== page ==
GOING TOO FAR
In the past week both Florida Sen. Mel Martinez and Gov. Charlie Crist wavered on their promised endorsements for Sen. John McCain, before finally having their fill of the heavy-handed arm-twisting of the Mitt Romney campaign.
"It finally got to the point for both of them that they just got fed up with the constant harassment," says a source close to both men who has worked for them as a political consultant. "They weren't going to endorse Romney and under the right circumstances, one or both of them might have chosen to sit the primary out, but the Romney people just made it intolerable."
In the middle of last week, it appeared that both Martinez and Crist would sit out what has become the battleground state for the Republican nomination for President.
It is believed that the Romney campaign has been able to use its candidate's unfettered wealth to run a successful absentee ballot program, something the other campaigns have not been able to do as well. Those absentee ballots may swing Romney to victory, and keeping Martinez and Crist on the sidelines was part of the strategy for victory.
Another subtext: the diminishment of Rudy Giuliani in a state that he had pegged as his pivot for Super Tuesday. He didn't have a shot at either endorsement, and his campaign has long been warring with the Crist crowd, in part because after Giuliani worked hard for Crist's election as governor, he was repaid by having a Crist staffer leak to the McCain camp an important Giuliani fundraising PowerPoint presentation early last year.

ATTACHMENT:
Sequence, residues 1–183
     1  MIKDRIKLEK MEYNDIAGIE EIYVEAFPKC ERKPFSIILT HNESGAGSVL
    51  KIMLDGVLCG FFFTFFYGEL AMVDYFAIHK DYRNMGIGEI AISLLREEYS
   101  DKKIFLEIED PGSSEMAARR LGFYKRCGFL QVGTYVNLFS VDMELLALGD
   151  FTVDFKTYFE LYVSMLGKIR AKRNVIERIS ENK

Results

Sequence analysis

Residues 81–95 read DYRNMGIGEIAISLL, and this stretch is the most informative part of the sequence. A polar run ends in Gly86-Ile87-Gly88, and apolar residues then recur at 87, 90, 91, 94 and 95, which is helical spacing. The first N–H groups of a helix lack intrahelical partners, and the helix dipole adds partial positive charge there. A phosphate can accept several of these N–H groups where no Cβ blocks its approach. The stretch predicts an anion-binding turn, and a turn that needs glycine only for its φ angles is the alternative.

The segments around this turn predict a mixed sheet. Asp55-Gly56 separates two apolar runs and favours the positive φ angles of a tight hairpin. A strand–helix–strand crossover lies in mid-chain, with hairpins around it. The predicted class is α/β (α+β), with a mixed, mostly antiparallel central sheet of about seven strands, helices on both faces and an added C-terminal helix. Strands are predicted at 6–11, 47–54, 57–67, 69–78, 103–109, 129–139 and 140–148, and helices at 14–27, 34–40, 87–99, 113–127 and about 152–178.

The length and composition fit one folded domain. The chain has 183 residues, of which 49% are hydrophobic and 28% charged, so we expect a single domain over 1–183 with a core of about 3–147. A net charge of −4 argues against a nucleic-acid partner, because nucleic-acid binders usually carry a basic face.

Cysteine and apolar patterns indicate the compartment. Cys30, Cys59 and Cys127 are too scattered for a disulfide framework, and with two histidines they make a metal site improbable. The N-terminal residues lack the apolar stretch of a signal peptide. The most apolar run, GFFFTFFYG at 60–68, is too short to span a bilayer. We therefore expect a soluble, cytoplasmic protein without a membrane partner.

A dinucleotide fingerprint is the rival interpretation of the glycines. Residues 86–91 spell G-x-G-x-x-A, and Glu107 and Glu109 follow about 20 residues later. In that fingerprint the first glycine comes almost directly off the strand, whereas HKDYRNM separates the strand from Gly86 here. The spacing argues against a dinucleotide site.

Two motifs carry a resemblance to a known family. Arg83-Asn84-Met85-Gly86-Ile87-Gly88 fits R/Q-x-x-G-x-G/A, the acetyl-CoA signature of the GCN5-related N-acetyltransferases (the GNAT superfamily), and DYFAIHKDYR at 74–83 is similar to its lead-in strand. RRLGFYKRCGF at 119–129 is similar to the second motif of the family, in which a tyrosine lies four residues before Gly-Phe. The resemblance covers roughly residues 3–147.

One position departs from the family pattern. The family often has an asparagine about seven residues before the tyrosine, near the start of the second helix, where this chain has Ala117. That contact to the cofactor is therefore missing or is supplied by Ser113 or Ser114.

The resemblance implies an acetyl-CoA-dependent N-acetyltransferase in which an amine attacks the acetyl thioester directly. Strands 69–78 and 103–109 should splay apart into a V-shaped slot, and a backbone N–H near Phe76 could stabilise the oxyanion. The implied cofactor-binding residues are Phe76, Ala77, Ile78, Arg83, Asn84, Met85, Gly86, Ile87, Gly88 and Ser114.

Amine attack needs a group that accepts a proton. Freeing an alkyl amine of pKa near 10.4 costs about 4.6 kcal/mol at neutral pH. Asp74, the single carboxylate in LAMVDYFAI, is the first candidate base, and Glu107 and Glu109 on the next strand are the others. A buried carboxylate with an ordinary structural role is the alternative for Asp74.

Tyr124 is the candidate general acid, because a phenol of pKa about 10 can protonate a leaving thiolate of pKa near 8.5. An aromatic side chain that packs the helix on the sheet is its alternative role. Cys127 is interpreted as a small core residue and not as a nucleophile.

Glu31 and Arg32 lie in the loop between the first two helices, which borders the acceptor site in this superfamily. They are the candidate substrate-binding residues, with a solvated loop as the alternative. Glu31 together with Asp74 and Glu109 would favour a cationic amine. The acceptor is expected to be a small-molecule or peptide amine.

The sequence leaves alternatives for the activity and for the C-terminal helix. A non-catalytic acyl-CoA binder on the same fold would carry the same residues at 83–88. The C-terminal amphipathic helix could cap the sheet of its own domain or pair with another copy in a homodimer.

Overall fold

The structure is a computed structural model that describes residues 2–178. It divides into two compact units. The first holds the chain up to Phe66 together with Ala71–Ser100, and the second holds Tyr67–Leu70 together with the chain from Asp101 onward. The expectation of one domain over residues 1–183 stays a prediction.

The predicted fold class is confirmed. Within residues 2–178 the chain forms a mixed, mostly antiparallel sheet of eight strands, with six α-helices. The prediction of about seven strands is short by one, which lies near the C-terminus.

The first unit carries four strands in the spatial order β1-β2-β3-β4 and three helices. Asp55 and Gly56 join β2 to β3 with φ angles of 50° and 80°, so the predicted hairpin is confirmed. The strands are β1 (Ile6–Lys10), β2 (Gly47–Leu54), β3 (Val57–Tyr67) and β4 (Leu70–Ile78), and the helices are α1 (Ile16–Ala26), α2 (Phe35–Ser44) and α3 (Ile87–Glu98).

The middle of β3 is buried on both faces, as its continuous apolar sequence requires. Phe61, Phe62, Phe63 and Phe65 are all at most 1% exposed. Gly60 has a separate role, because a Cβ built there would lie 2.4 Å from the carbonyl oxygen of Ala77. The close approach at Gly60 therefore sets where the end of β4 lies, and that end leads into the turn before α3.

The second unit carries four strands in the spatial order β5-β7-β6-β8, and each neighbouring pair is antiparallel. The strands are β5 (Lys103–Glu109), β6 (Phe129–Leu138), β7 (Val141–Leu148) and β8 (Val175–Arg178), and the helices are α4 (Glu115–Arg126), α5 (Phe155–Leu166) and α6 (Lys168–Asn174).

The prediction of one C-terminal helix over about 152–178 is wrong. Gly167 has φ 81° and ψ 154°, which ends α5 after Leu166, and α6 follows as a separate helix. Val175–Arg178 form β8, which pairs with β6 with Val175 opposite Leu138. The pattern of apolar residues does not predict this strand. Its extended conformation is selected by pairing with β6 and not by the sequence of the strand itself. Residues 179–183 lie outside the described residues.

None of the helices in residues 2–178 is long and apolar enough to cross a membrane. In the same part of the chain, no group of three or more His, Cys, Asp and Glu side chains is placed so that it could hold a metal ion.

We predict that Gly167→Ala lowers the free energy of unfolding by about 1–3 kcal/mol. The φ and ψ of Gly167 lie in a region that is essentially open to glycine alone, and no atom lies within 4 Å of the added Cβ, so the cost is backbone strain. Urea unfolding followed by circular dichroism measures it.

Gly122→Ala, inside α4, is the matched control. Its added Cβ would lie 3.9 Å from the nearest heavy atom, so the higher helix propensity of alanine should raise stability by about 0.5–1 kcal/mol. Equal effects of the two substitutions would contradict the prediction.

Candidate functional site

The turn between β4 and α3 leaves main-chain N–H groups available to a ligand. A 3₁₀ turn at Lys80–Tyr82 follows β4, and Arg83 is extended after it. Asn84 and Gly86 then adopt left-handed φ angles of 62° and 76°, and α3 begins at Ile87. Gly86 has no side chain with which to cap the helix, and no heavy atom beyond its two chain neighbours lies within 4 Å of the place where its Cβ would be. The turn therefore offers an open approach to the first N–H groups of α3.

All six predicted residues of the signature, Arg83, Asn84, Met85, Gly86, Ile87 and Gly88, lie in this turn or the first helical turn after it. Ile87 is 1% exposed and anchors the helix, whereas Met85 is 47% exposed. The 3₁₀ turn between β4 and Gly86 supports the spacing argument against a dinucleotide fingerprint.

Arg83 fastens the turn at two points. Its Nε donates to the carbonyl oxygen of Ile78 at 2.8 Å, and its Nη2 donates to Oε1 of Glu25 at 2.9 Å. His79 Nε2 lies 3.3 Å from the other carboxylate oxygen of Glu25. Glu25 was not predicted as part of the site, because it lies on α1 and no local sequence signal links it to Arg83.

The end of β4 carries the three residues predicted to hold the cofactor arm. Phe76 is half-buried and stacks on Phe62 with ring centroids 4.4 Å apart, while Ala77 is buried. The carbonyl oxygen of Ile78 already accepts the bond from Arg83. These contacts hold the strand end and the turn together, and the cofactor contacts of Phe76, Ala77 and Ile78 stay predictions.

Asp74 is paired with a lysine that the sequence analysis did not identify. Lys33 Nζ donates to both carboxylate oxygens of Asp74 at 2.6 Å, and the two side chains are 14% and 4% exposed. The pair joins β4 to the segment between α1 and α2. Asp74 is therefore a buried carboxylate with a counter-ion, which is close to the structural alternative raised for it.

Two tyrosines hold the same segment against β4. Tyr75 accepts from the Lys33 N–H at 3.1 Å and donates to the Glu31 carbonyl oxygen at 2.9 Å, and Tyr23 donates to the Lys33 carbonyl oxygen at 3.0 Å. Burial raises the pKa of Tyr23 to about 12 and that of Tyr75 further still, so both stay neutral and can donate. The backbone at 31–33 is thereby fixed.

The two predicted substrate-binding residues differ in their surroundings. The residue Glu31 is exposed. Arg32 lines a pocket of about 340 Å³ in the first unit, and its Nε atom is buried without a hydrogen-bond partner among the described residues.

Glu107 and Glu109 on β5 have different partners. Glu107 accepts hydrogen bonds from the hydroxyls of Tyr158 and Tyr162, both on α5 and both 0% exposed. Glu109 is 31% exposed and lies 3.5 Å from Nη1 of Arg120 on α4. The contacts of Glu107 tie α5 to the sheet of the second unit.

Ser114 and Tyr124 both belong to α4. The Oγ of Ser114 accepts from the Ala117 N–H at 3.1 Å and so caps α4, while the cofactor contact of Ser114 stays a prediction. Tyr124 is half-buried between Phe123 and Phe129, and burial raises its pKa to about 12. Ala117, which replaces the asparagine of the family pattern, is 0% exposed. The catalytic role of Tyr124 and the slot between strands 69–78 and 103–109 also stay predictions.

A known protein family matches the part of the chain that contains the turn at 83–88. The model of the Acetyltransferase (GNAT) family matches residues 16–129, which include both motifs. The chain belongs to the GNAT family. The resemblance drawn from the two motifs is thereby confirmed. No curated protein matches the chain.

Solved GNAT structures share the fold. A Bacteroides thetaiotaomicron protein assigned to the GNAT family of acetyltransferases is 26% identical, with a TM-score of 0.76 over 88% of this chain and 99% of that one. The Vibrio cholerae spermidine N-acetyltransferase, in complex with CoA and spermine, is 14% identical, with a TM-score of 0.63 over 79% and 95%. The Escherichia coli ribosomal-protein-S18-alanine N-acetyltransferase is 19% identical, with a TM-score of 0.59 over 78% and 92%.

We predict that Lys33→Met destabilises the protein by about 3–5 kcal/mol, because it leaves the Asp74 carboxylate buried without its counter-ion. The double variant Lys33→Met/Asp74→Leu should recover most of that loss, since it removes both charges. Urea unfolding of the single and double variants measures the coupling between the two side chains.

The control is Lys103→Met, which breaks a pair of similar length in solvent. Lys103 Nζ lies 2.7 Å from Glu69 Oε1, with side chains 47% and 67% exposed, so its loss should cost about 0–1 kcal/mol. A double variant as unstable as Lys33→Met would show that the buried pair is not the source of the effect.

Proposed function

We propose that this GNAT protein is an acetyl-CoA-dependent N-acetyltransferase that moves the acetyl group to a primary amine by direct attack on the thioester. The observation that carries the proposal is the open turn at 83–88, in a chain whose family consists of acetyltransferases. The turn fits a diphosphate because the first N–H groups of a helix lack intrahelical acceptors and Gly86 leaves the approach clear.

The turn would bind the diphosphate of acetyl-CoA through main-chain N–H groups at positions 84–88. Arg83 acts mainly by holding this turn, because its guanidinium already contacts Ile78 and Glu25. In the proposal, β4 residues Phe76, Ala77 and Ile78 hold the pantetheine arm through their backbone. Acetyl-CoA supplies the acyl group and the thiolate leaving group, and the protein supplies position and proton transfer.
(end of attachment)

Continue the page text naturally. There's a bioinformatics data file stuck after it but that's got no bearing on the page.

The Romney camp appears to have picked up much of the ideologically conservative support from the Thompson team, including the bulk of his "Lawyers for Thompson" operation. But it doesn't appear that any members of Thompson's longstanding inner circle who started the "Draft Thompson" movement about a year ago will sign on with another campaign.
Former Sen. Fred Thompson has made it clear that he will not endorse another candidate in the near future, if at all. Last week, staffers for Sen. Tom Coburn were on Capitol Hill encouraging others to sign on with Coburn's candidate, John McCain, saying that Thompson was endorsing the candidate. Coburn, who months ago had made a promise to Thompson to endorse him but never did so, hasn't spoken to Thompson in months.
One source of the Thompson endorsement rumors is believed to be former Tennessee Sen. Howard Baker, who has been fielding phone calls about Thompson from other campaigns and media outlets, and has done nothing to tamp down the rumors. "He's enjoying what he knows will be short-lived relevancy," says a member of Baker's law firm in Tennessee. Baker, who was an honorary national chair of the Thompson campaign, officially endorsed McCain on Saturday.
Thompson is expected to speak publicly about his future plans at a later date, and rumors had him and his wife, Jeri, down in Nashville looking at houses over the weekend.
Look for former Virginia Gov. George Allen to begin putting in place the light infrastructure for a possible run for governor again. Allen, who traveled with Sen. Fred Thompson in South Carolina, is believed to have some volunteer staffing commitments in place to at least begin the process of setting up a statewide organization for the 2009 gubernatorial elections.